~ History and Anatomy ~
During the 1800’s, cattle trains from Mexico brought the infamous mesquite trees to present day Arizona, New Mexico, and Texas. The wood has long been relied upon by shrimp fishermen for building seaworthy vessels. However, it wasn’t until the last 25 years that furniture makers have increasingly begun to realize its potential for unique furniture.
Thousands have tried without success to rid their property of mesquites because of their thorn bearing branches which flatten tires within minutes. Since most landowners, then, consider mesquite trees a curse, we have worked to come in contact with folks who want to rid their land of their larger mesquite trees and help them out by cutting them down and then sawing them into our lumber.
When milling our lumber, it is difficult to procure consistently straight, long boards from the majority of our mesquite logs, as these trees tend to grow at odd angles and curves. Every log displays its own unique grain patterns and color. We thus put our mesquite lumber into three classifications:
Premium: includes wide, straight-grain lumber with consistent color and characteristics over the entire face of the wood. Products may exhibit small sapwood highlights and/or black fillings.
Premium figured: includes the rare pieces that exhibit intense swirl, curl, birdseye, burl, quilt, crotch figure, or otherwise unusual grain patterns which add incredible beauty and character to the piece.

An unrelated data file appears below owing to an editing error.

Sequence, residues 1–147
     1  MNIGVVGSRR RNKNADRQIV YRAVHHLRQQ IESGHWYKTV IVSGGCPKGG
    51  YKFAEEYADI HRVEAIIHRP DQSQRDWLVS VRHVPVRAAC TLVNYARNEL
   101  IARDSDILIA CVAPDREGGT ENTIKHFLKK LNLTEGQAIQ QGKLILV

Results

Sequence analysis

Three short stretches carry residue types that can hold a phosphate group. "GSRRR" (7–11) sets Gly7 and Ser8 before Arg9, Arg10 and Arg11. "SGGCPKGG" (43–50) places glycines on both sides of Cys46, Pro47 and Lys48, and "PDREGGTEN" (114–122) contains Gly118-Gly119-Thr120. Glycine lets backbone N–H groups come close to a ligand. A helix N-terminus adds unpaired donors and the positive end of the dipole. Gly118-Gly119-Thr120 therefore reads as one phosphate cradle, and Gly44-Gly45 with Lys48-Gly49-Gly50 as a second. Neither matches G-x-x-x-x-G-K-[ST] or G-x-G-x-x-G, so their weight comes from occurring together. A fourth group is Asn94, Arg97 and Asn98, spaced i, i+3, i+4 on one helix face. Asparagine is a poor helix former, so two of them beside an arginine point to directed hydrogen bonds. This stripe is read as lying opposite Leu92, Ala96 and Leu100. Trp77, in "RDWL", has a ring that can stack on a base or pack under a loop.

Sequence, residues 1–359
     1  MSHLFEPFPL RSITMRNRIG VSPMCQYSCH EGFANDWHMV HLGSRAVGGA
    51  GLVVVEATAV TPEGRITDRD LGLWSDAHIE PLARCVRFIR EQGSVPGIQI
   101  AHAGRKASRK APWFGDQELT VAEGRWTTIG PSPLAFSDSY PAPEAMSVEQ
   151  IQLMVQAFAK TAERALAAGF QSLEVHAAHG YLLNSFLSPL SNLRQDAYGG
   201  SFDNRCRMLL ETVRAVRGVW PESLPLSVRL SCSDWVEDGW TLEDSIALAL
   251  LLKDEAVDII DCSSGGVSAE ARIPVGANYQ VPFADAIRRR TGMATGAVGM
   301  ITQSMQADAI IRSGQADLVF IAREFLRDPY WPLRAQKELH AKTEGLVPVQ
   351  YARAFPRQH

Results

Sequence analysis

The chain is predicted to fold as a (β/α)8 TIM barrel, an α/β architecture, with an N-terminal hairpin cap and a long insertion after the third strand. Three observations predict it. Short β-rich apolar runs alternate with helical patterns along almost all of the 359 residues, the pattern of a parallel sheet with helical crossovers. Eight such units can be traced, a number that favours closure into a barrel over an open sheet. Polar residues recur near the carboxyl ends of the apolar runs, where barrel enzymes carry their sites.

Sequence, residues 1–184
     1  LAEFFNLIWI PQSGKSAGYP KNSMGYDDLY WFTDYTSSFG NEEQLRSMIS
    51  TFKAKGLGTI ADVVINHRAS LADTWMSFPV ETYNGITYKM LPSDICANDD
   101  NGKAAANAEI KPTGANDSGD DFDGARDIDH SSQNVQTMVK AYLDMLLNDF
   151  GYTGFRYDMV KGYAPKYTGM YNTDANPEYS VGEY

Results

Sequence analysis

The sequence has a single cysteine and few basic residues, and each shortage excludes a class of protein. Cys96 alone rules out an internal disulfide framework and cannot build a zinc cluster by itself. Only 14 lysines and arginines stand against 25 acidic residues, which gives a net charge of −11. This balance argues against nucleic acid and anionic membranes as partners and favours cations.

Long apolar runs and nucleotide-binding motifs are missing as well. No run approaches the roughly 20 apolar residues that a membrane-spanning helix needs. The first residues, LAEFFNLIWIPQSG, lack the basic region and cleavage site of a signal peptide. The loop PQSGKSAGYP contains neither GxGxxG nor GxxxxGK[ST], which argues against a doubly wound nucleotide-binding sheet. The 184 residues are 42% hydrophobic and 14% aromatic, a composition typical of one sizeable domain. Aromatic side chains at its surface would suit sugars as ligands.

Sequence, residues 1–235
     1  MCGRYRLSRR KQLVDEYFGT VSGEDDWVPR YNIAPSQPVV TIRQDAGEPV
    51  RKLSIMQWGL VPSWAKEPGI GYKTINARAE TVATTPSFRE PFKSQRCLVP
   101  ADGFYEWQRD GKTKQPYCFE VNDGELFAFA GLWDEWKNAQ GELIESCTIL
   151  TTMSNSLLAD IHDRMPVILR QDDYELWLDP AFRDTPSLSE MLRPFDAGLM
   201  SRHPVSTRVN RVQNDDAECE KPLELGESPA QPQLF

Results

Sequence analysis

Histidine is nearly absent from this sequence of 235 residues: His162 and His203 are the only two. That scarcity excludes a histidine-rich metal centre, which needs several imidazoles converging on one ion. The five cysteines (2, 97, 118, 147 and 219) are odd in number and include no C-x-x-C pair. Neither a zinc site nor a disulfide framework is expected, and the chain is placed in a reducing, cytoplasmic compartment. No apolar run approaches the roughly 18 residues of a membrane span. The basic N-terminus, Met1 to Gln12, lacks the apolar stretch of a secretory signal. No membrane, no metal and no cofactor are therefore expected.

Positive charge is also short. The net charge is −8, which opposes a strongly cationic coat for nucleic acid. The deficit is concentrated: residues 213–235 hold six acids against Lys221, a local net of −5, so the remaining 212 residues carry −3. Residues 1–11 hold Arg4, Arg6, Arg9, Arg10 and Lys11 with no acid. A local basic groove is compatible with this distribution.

Natural/Rustic: Each piece exhibits unique characteristics including, natural edges, boar holes, mineral streaking, spalting, fillings, and any of the figures listed in Premium figured category which create a once in a lifetime piece.
~ The Wood ~
No other hardwood offers the incredible range of color, figure, and texture like mesquite. Due to its weather resistance and extreme strength, mesquite can be used for anything from creative furniture, to premium quality cutting boards that will last a lifetime even when washed occasionally in a dishwasher. Spoons carved from this wood are structurally sound and very attractive. Like cedar, it is resistant to the outdoor climates even in an unfinished state.
The American Hardwood Association writes that mesquite is “replenishable, rare and exotic.” This wood is both harder and more stable than either oak or maple. The black streaks seen in mesquite are stable cracks that we have filled with epoxy resin which bonds the crack so it will never open up over the years. The colors found in mesquite range from lemon and honey, to caramel and brick red, a range of colors unmatched by any other hardwood. Caleb says, “Mesquite is definitely our favorite of all favorites, both to work with and to provide for our customers. It makes every day exciting and unique; we will never see another board exactly like another. Most have to see it to believe it.”